Suppose k independent random samples. Each of them has size n, then the result from k different populations will be-
Population 1: x_{11}, x_{12}, …….. x_{1n }: Treatment 1
Population 2: x_{21}, x_{22}, …….. x_{2n }: Treatment 2
———————————————————————————————–
Population k: x_{k1}, x_{k2}, …….. x_{kn }: Treatment k
Here,
x_{ij} refers to j-th value of i-th population
Hence, the rest of the random variables will be independent normally distributed. The common variance will be σ^{2}.
So, consider the following model as,
x_{ij} = µ + α_{i} + e_{ij} where,i = 1, 2, …….. k and j = 1, 2, …….. n
Here,
µ = Grand Mean
α_{i} = Treatment Effects ()
e_{ij} = Random Errors, these are identically distributed {N (0, σ^{2})
Hypothesis:
To get the statistic hypothesis, it can be written as-
H_{0} : Population Mean will be equal
Hence,
µ_{1} =µ_{2} =………. = µ_{k} and samples will be obtained by using k population with equal mean.
Equivalently,
α_{i} = 0 where, i = 1, 2, …… k (No special effect)
H_{1} : α_{i}≠ 0 for at least one value of i
Constructing the ANOVA Table:
Source of Variation | Degree of Freedom | Sum of Squares | Mean Square | F (Test Statistics) |
Treatments | k – 1 | SS (Tr) | MS (Tr) | |
Error | k (n – 1) | SSE | MSE | |
Total | kn – 1 | SST |
Where,
SSE = Error Sum of Squares
SST = SS (Tr) + SSE
It can be calculated as,
SST = Total Sum of Square
=
SS(Tr) = Treatment Sum of Squares
=
Where,
T_{i.} = Total of Values Obtained for i-th Treatment
T_{..} = Grand Total of all ‘nk’ Observations
MS (Tr) = Treament Mean Square
= SS (Tr)/ (k – 1)
MSE = Error Mean Square
= SSE/ k (n – 1)
Now, For F-Distribution,
F = F_{cal} = MS (Tr)/ MSE
Let L be the level of significance
Hence,
F_{tab} = F_{α}_{, }_{α}_{ – 1, k (n – 1)}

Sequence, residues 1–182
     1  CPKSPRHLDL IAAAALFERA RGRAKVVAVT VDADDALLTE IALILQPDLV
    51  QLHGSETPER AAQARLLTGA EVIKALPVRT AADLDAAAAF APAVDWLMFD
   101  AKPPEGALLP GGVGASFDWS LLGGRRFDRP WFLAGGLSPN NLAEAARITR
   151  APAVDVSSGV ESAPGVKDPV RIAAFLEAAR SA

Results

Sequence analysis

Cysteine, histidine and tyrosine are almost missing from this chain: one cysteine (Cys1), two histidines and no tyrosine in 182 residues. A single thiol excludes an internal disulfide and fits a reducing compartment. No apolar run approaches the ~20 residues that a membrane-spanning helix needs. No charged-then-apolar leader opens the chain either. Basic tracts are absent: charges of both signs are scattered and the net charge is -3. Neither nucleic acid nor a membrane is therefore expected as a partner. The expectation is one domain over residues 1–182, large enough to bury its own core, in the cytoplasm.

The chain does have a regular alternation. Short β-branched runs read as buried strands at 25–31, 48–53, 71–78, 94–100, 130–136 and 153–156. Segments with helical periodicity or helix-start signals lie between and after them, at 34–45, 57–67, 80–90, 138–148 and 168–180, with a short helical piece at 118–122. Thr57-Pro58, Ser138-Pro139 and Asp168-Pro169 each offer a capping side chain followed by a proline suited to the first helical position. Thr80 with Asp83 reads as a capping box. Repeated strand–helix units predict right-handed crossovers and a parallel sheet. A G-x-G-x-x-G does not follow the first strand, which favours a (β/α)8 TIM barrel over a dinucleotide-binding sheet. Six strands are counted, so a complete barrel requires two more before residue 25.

It’s Conclusion:
Reject H_{0} if F_{cal}> F_{tab}
Accept H_{0} if F_{cal}< F_{tab}
Example No. 1
At random, five students are taken out from X^{th }standard of 3 different schools. A test was given to each of them and the individual scores are tabulated below.
School I | 77 | 81 | 71 | 76 | 80 |
School II | 72 | 58 | 74 | 66 | 70 |
School III | 76 | 85 | 82 | 80 | 77 |
Do analysis of variance and state the conclusions.
Solution:
H_{0} : α_{1} = α_{2} =α_{3} = 0
H_{1} : α_{i}≠ 0 for at least one value of i
F_{tab} = F_{0.01, 2.12 }= 6.93
T_{1.} = 77 + 81 + 71 + 76 + 80 = 385
T_{2.} = 72 + 58 + 74 + 66 + 70 = 340
T_{3.} = 76 + 85 + 82 + 80 + 77 = 400
Thus,
T_{..} = T_{1.}+ T_{2.}+ T_{3.}= 1125
Now,
So,
SST = 85041 – 1/ 1.5 (1125)^{2} = 666
SS (Tr) = 1/ 5 {(385)^{2} + (340)^{2} + (400)^{2}} – 1/ 1.5 (1125)^{2}
= 390
Hence,
SSE = SST – SS (Tr)
= 666 – 390
= 276
ANOVA Table:
School I | 77 | 81 | 71 | 76 | 80 |
School II | 72 | 58 | 74 | 66 | 70 |
School III | 76 | 85 | 82 | 80 | 77 |
Here,
F_{cal}> F_{tab}
H_{0} is rejected and it proves that students are not same of different schools of class X^{th} standard.
Example No. 2
Four typists are working for a publishing company. A table has been created for the number of mistakes made by them in five successive weeks.
Typist I | 13 | 16 | 12 | 14 | 15 |
Typist II | 14 | 16 | 11 | 19 | 15 |
Typist III | 13 | 18 | 16 | 14 | 18 |
Typist IV | 18 | 10 | 14 | 15 | 12 |
Take level of significance as 0.05 and state whether their difference of mistakes can attribute to chance or not.
Solution:
H_{1} : There should be at least two of them should not be equal.
α = 0.05, k = 4 and n = 5
F_{tab} = F_{0.05, 3.16}= 3.24
T_{1.} = 13 + 16 + 12 + 14 + 15 = 70
T_{2.} = 14 + 16 + 11 + 19 + 15 = 75
T_{3.} = 13 + 18 + 16 + 14 + 18 = 79
T_{4.} = 18 + 10 + 14 + 15 + 12 = 69
Thus,
T_{..} = T_{1.} + T_{2.} + T_{3.}+ T_{4.}=293
Now,
So,
SST = 4407 – 1/ 20 (293)^{2} = 114.55+
SS (Tr) = 1/ 5 {(70)^{2} + (75)^{2} + (79)^{2}+ (69)^{2}} – 1/ 20 (293)^{2}
= 12.95
Hence,
SSE = SST – SS (Tr)
= 101.6
ANOVA Table:
Sources of Variation | Degrees of Freedom | Sum of Squares | Mean Square | F |
Treatment | 3 | 12.95 | 4.32 | 0.68 |
Error | 16 | 101.6 | 6.35 | |
Total | 19 | 114.55 |
Here,
F_{cal}< F_{tab}
H_{0} is accepted and it means that typing mistakes can be attributed to chance.
Note:
x_{ij} = + (i – ) + (x_{ij}– )
Grand Mean Deviation due to Error
Treatment
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